Today's editorial, 'Shame'? Hardly, not only espouses the same ideas I had, but even uses some of the same words:
No one--including us --is accusing the MP in question, Navdeep Bains, of any illegal behaviour. And voters are entitled to make their own individual judgments on whether the PM was engaging in dirty pool by opening the pages of the Sun in the privileged environment of the House of Commons. But they would be advised to ignore the slanted, indignant language that some other media outlets are trying to disguise as impartial reporting.
The PM is being accused of suggesting that the Liberals changed their policy on ant terror legislation to protect Mr. Bains' father-in-law, Darshan Singh Saini, or, more generally, to cripple an Air India investigation that many in the Sikh community oppose. In fact, it is only by clairvoyance that reporters can claim to know what Mr. Harper would have said in his complete reply. He was shouted down long before he had the chance to make the "suggestion" being freely attributed to him (readers may wonder why the Liberals did not sit quietly and let him continue covering himself with "shame").
But even if Mr. Harper intended to suggest what he is being accused of suggesting, his only "shame" lies in saying what millions of Canadians are thinking. The Sikh voting bloc that Mr. Bains drew to the Dion camp (via Gerard Kennedy) at the Liberal convention in December is a critical reason why it is Mr. Dion, as opposed to Bob Rae or Michael Ignatieff, who now sits as Leader of the Opposition. Why would it be out of bounds to suggest that Mr. Dion's sudden and stalwart opposition to key anti-terrorism provisions -- even over the objections of many influential members of his own divided caucus -- might somehow be traced to those same provisions being potentially used to compel testimony from the supporters of a king making MP?
This is the first example of any attempt at impartial comment on this debacle that I have come across. Ralph Goodale revealed in many recent interviews that the Sun article was in distributed along with other noteworthy newspaper articles as usual that day. So it would seem that the Liberals were anticipating that this might be brought up, and they wanted to prevent it from being read into the official record.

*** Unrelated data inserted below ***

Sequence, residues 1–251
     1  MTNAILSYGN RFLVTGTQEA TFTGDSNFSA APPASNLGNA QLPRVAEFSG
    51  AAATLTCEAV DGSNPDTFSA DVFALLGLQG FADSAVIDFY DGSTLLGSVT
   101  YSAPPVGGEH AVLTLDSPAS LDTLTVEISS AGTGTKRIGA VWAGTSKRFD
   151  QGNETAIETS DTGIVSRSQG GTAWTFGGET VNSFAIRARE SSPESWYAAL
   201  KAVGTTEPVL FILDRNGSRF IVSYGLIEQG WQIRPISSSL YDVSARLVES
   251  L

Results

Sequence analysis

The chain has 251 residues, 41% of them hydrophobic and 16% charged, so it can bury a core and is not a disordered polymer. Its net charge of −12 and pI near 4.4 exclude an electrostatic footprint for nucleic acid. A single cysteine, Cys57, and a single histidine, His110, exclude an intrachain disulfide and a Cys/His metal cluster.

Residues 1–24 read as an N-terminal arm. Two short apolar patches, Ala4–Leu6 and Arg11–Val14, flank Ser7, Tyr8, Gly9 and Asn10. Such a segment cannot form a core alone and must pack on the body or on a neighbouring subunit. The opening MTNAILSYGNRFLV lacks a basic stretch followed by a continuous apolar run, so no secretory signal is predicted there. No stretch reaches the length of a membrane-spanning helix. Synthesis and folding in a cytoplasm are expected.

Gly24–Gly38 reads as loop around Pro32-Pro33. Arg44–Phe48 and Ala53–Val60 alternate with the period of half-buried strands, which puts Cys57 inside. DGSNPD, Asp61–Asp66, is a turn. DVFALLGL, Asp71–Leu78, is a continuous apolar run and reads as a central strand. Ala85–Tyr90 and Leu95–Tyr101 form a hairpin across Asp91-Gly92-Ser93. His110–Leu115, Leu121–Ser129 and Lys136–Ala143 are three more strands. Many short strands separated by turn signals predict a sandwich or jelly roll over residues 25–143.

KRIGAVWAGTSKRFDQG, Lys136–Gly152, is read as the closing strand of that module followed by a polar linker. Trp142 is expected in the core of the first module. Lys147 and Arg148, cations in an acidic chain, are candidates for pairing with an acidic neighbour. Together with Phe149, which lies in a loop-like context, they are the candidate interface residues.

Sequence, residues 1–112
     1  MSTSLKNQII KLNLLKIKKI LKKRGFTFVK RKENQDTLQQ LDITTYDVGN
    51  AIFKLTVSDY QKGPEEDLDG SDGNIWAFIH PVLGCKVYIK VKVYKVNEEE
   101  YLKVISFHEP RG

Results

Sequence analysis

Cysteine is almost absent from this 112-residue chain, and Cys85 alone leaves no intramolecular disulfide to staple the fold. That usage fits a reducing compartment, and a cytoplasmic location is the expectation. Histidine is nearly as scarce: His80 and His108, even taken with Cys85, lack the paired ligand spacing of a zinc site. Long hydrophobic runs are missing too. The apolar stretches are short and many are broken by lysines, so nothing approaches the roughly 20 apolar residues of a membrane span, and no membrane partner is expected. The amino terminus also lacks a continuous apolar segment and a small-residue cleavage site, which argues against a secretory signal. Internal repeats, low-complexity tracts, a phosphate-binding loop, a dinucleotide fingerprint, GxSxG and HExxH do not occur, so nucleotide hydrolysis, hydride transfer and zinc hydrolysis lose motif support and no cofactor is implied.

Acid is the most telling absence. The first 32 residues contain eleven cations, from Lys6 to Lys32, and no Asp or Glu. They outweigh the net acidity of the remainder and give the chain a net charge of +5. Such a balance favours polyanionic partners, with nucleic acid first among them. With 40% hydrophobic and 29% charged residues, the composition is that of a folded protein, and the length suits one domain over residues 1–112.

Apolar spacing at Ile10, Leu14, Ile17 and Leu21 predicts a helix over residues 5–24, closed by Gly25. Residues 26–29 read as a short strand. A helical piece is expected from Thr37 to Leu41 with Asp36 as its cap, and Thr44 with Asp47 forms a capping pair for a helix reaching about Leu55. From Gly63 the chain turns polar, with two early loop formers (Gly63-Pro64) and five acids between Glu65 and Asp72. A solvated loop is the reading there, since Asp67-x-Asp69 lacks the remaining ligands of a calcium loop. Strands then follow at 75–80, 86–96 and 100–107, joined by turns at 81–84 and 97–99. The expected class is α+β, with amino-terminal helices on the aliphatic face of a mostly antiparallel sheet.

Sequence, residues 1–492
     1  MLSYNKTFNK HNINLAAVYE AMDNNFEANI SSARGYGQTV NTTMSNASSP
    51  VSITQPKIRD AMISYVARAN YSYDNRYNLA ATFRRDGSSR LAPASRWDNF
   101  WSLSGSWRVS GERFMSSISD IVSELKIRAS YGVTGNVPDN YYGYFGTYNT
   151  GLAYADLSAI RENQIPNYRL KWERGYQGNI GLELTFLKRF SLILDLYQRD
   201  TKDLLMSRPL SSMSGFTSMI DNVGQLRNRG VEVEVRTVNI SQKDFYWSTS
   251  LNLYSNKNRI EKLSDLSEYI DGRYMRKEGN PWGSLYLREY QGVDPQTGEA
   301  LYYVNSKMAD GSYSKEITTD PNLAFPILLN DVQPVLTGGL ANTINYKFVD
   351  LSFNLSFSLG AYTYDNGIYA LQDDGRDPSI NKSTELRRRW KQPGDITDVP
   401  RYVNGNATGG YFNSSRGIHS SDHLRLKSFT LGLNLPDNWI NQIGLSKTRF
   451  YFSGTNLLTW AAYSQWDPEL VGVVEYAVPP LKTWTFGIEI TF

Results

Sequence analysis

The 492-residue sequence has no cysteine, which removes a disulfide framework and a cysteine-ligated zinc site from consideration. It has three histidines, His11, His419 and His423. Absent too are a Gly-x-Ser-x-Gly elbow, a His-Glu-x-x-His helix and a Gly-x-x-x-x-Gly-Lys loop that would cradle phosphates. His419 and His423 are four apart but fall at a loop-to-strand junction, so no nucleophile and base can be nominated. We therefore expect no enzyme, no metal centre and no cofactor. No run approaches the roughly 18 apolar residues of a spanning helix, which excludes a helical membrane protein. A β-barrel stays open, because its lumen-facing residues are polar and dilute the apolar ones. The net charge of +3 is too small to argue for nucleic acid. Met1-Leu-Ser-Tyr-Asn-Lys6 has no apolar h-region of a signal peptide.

But by stopping the PM from reading the whole story, they ended up bringing more attention to the issue than if they had just let him finish it, and then either attack him then for alleged defamation when they had some kind of proof, or else just quietly go on to another topic and hope the whole thing would die.
Harper knew that the story itself would not be carried by most MSM. He was talking straight to the people.
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More fallout at Steve Janke - Prominent Sikh Liberal Resigns...
(H/T National Newswatch)
Chronicle Herald - Air India Families Plead for Justice
National Post - No Apologies
Ottawa Citizen - "... Senate Supports Terror Law".
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Friday Afternoon Update: Vancouver Sun chews out Harper:
Prime Minister Stephen Harper abused his privilege this week when he cited a story by Vancouver Sun reporter Kim Bolan to suggest that the Liberals are opposing an extension of an Anti-Terrorism Act provision set to expire next week because of a connection to one of their MPs.
Bolan's exclusive report that the father-in-law of Ontario MP Navdeep Bains is on a witness list to testify before an investigative hearing in relation to the Air India bombing made no such connection.
My only question is, why did Kim Bolan bother mentioning Bains?